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Aesthetics and Usability

Aesthetics and usability are important for a website’s success. It is therefore vital to understand under what conditions websites evoke positive first impressions and whether and how these conditions predict usage and user experience related to websites. Experimental research has so far shown that aesthetically pleasing websites may not always lead to a higher subjective rating of usability, and it has been debated whether a positive first impression is enough for retaining the user on the webpage. In current empirical projects, we have therefore investigated determining factors of perceived aesthetics and the consequences of aesthetically pleasing web designs for perceived usability and user behavior. While previous studies have often focused on short-time exposure to website stimuli, more current studies of our lab investigate the effect of visual appeal on user behavior and evaluation after more realistic and prolonged exposure to websites. To further extend previous insights, the impact of different objective design factors, device (mobile versus desktop), and usage mode (goal versus action mode) on subjective aesthetics, usability and actual user behavior has been investigated.

Summary of empirical findings:

  • Aesthetics implemented in web design does not affect usability, but usability influences post-use aesthetic perception (Tuch, Roth, Hornbaek, Opwis, & Bargas-Avila, 2012).
  • Websites with low complexity and high prototypicality are perceived as visually highly appealing, whereas the effects are stronger in earlier stages of information-processing (Tuch & Bargas-Avila, 2011).
  • Websites evaluated as most aesthetically appealing have high symmetry, low complexity, blue hue, medium brightness, and medium and high saturation. Furthermore, complexity was the only factor to impact all facets of the subjective aesthetic perception. (Seckler, Opwis, & Tuch, 2015)
  • On the effect of first impression and usage mode on actual user behavior: Positive first impression (i.e. more appealing websites) had a positive impact on users willingness to view and intention to stay on the shortly presented website. However, in the more realistic scenario visual appeal had no impact on the time users stayed on the website, but usage mode played a significant role for whether users stayed longer on the website (Iten, Troendle, & Opwis, 2018).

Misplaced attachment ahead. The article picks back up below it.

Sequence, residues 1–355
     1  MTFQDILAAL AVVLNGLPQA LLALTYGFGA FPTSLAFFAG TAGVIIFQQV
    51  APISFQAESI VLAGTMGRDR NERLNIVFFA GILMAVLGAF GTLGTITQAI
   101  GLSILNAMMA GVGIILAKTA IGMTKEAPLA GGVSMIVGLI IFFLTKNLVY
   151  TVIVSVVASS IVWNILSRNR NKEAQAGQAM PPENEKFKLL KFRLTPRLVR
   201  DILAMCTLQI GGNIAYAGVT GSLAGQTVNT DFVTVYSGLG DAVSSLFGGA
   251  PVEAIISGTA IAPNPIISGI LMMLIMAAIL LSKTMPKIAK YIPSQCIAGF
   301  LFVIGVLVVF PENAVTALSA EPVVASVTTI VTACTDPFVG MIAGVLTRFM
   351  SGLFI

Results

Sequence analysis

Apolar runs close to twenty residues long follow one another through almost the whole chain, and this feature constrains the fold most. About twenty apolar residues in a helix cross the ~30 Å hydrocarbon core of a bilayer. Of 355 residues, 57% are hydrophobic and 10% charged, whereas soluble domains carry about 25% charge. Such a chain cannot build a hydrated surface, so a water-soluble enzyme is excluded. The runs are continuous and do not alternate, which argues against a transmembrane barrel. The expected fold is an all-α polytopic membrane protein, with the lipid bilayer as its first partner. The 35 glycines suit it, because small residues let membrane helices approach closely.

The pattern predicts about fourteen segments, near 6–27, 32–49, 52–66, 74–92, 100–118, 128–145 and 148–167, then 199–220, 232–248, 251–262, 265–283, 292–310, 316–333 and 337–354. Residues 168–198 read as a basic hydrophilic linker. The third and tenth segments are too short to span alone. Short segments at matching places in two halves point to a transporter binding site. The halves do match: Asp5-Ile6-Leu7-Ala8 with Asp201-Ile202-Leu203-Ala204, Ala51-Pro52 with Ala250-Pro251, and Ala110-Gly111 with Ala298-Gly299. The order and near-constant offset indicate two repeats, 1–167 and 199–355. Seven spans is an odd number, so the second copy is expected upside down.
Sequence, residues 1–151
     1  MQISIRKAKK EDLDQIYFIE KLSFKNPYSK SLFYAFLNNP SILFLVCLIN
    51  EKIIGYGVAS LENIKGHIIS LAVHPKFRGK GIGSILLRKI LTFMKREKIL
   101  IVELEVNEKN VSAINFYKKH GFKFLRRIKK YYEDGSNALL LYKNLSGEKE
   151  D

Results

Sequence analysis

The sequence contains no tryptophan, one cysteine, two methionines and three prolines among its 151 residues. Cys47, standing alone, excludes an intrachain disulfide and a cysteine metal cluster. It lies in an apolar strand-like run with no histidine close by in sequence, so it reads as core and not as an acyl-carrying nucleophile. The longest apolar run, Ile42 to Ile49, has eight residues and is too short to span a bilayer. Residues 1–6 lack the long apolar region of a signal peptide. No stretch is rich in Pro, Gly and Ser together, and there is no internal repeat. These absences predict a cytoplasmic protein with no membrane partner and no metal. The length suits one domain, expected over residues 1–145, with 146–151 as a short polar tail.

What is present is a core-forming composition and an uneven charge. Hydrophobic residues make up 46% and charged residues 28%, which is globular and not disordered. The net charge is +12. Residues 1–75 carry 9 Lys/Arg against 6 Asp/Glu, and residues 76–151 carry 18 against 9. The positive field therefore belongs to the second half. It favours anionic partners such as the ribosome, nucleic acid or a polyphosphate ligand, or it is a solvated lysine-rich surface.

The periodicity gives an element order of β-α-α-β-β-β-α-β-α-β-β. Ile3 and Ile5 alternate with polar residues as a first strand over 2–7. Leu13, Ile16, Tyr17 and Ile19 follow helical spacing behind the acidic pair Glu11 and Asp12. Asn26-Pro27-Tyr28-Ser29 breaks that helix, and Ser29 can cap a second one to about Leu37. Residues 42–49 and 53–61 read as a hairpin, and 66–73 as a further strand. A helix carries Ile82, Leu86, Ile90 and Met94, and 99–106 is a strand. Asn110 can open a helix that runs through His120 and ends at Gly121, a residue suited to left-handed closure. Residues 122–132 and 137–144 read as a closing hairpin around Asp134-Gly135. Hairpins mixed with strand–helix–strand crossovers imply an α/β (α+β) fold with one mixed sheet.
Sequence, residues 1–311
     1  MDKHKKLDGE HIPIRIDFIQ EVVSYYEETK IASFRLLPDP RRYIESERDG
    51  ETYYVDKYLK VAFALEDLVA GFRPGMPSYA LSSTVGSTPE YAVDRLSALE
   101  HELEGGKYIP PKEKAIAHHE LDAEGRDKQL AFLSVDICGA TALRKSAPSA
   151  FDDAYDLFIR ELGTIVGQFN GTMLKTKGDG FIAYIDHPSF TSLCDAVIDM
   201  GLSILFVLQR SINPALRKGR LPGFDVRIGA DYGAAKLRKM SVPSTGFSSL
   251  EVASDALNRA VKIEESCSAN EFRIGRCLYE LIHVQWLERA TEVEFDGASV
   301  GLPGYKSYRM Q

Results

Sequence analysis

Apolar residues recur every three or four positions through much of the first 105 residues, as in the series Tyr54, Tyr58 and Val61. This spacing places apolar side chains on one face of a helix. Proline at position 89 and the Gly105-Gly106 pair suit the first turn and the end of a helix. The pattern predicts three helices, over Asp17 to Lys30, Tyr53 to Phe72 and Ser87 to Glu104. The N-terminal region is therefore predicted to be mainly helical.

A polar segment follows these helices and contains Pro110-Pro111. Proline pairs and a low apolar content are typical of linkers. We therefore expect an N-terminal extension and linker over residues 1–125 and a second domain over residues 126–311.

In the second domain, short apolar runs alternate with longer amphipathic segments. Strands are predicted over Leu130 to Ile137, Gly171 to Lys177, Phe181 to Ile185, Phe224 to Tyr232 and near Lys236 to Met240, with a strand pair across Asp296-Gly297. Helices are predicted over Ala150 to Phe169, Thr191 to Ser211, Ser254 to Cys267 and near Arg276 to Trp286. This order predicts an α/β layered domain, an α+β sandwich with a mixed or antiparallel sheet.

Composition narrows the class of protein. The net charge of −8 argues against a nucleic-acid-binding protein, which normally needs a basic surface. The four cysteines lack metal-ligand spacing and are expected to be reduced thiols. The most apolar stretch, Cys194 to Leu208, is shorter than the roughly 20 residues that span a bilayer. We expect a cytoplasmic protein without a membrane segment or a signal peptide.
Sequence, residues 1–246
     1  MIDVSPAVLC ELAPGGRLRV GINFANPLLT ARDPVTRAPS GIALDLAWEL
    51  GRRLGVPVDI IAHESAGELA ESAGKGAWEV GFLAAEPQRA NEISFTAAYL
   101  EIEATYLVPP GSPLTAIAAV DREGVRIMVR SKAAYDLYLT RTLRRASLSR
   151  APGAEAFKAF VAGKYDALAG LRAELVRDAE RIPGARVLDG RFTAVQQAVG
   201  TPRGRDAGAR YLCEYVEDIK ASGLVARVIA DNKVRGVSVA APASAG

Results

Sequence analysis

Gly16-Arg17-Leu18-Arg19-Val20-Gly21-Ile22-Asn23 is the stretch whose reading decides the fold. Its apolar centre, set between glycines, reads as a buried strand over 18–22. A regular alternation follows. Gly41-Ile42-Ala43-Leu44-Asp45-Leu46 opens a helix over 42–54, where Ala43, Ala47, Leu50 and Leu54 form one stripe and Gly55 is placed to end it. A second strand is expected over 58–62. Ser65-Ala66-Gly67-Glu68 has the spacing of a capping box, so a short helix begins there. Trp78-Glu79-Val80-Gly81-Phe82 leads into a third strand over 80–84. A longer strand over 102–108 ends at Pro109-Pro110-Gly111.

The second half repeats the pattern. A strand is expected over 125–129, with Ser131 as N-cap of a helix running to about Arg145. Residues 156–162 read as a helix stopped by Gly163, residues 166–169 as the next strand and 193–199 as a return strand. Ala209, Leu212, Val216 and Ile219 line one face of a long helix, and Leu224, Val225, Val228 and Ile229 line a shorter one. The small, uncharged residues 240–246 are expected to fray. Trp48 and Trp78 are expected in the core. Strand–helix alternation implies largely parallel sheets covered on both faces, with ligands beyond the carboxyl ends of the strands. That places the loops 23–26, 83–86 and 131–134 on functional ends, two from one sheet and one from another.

Master Theses:

  • Quintana, Laura (2017). The Pretty and the Useful: Effects of Aesthetics and Usability on Mobile Webshop Evaluation.
  • Jenny, Mathias (2016). Aesthetics and Performance: Are Users More Efficient with Beautiful Websites?
  • Troendle, Antonin (2017). First impression: The importance of aesthetics for a website’s success.
  • Masterproject: a.t.m. not possible
  • Contact: E-Mail

Publications

Conference Proceedings

2011
  • Tuch, A. N., & Bargas-Avila, J. A. (2011). The role of visual complexity and prototypicality regarding first impression of websites: Working towards understanding aesthetic judgments. Firbourg, Switzerland.

Journal Articles

2018
  • Iten, G., H, Troendle, A., & Opwis, K. (2018). Aesthetics in Context—The Role of Aesthetics and Usage Mode for a Website’s Success. Interacting with Computers. https://doi.org/https://doi.org/10.1093/iwc/iwy002
2015
  • Seckler, M., Opwis, K., & Tuch, A. N. (2015). Linking objective design factors with subjective aesthetics: An experimental study on how structure and color of websites affect the facets of users’ visual aesthetic perception. Computers in Human Behavior, 49, 375–389. https://doi.org/10.1016/j.chb.2015.02.056
2012
  • Tuch, A. N., Roth, S. P., Hornbaek, K., Opwis, K., & Bargas-Avila, J. A. (2012). Is beautiful really usable? Toward understanding the relation between usability, aesthetics, and affect in HCI. Computers in Human Behavior, 28(5), 1596–1607. https://doi.org/10.1016/j.chb.2012.03.024